Chester, Joseph Lemuel (DNB00)
|←Chesshyre, John||Dictionary of National Biography, 1885-1900, Volume 10
Chester, Joseph Lemuel
|Chester, Robert (fl.1182)→|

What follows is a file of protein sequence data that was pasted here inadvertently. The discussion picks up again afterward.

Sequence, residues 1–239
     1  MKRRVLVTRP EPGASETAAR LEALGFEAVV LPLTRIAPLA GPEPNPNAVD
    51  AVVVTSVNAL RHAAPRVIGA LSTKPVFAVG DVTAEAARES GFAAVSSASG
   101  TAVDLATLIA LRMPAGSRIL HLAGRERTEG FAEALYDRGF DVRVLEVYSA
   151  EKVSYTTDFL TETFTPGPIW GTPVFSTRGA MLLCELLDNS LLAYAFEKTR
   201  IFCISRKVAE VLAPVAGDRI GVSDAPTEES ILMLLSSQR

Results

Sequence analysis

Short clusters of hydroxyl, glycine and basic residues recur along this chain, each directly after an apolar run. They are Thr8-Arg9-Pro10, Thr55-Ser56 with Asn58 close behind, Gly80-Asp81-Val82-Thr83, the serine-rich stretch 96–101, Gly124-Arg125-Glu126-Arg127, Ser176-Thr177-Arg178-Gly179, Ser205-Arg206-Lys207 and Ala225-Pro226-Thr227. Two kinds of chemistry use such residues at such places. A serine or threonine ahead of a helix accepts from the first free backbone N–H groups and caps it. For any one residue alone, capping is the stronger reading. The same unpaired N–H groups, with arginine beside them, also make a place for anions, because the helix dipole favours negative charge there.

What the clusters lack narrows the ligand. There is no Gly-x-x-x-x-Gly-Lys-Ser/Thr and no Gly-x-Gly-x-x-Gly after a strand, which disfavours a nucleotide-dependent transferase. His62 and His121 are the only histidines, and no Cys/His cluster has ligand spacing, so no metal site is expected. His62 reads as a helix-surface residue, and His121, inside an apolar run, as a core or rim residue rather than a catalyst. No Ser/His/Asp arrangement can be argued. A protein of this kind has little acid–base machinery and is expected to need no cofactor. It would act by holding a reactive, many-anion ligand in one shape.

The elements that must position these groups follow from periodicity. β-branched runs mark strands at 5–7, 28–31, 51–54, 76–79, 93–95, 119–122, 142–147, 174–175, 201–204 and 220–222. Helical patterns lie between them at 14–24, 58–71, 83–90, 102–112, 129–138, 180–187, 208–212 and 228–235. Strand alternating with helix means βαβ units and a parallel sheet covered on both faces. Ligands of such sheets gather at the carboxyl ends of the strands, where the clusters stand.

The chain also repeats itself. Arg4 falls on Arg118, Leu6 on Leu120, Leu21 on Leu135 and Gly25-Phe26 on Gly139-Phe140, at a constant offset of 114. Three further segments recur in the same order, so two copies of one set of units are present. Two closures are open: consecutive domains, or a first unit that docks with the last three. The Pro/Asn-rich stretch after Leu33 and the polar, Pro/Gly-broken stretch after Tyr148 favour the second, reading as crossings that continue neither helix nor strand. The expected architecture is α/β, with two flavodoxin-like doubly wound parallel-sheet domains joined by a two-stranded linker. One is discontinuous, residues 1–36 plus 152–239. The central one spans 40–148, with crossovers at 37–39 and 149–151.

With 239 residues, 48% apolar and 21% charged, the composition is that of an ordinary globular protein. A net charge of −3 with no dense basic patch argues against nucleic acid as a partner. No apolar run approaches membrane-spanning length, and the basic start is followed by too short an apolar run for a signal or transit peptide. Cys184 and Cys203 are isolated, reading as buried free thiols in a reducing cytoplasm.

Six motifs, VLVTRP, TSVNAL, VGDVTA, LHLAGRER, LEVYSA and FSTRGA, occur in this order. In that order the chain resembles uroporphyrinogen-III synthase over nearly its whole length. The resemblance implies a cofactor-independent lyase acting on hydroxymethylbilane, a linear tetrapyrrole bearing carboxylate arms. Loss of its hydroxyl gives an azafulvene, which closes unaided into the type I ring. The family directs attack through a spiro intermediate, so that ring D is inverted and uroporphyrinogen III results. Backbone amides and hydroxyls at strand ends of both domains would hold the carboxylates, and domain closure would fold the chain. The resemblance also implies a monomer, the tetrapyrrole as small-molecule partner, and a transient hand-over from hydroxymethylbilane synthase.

CHESTER, JOSEPH LEMUEL (1821–1882), genealogist, was born at Norwich, Connecticut, in the United States of America, on 30 April 1821. His father, Joseph Chester, was a grocer, who, dying at Norwich in 1832, left but little property to his family. His mother was Prudee, a daughter of Major Eleazer Tracy; she married secondly the Rev. John Hall, of the episcopal church, Ashtabula, Ohio. At an early age Chester became a teacher in a school at Ballston, New York, and in 1837 clerk in a land agency office in Warren, Ohio. In 1838, in his seventeenth year, he went to New York and commenced the study of the law, but soon abandoned it for the mercantile profession, and was employed as a clerk by Tappan & Co., silk merchants. His literary tastes were early developed; while in New York he contributed articles to the newspapers and magazines of the day, chiefly of a poetic character. The ‘Knickerbocker’ for January 1843 contains a poem by him, entitled ‘Greenwood Cemetery,’ and signed Julian Cramer, his best known pseudonym. The same year his first volume, ‘Greenwood Cemetery and other Poems,’ was published at New York and Boston. He also lectured and visited many of the States as an advocate of temperance. About 1845 he removed to Philadelphia, where he obtained a situation as a merchant's clerk. In 1847 and for some years subsequently he was commissioner of deeds. From 1845 to 1850 he was also the musical editor of Godey's ‘Lady's Book.’ In 1852 he became one of the editors of the ‘Philadelphia Inquirer’ and of the ‘Daily Sun;’ and on the consolidation of the city of Philadelphia in 1854 he was elected a member of the city council. During several sessions of Congress at Washington he visited that city as corresponding editor, and a portion of the time of his residence there he was an assistant clerk in the House of Representatives. He was appointed by the Hon. James Pollock, who was governor of Pennsylvania 1855–8, one of his aides-de-camp, with the military rank of colonel, an appellation by which he was afterwards always known. While at Washington he was employed to sell in England some patent rights, and leaving his native country landed at Liverpool on 6 Sept. 1858. Various causes prevented him from succeeding in his undertaking, but he settled in London and made it his residence thenceforth till his death. For a time he kept up his connection with the newspaper press, and for about three years furnished a weekly letter from London to the ‘Philadelphia Inquirer.’ His first work in his new home was ‘John Rogers, the Compiler of the First Authorised English Bible, the Pioneer of the English Reformation, and its First Martyr,’ 1861, a book of much labour and research. The civil war had then broken out, and while he was thinking of returning to America ‘he received a commission from the United States government for a service which he could render in England,’ and he decided to remain in that country. In the following year he obtained free access to Doctors' Commons as a literary inquirer to examine all wills recorded previous to 1700 and to make copies, and he continued for twenty years to collect materials illustrating the ancestry of American families. In the meantime he made special searches for clients and investigated the English descent of noted Americans. Some of these monographs have been printed by himself or others, but probably the greater number remain in manuscript in the hands of his clients. He unfortunately did not live long enough to publish a pedigree of President Washington, a favourite subject with him for many years; he was unable to satisfy himself as to the actual emigrant whence the American family descended. In pursuance of his genealogical labours he made most extensive extracts from parish registers, and at his death left eighty-seven folio volumes of such extracts, each of more than four hundred pages, seventy of the volumes being carefully indexed. The matriculation register of the university of Oxford, another source of his information, was copied by him between 1866 and 1869. He next made extensive extracts from ‘The Old Marriage Allegations in the Bishop of London's Register,’ extending from 1598 to 1710. His greatest work was the editing and annotating ‘The Marriage, Baptismal, and Burial Registers of the Collegiate Church or Abbey of St. Peter, Westminster,’ dedicated to the queen, London, 1876, 8vo, pp. xii, 631. On this book he spent ten years' labour, and then generously allowed the Harleian Society to issue it as one of their publications. In recognition of his valuable work Columbia College, New York City, conferred on him the honorary degree of LL.D. in 1877, and on 22 June 1881 the university of Oxford granted him the degree of D.C.L.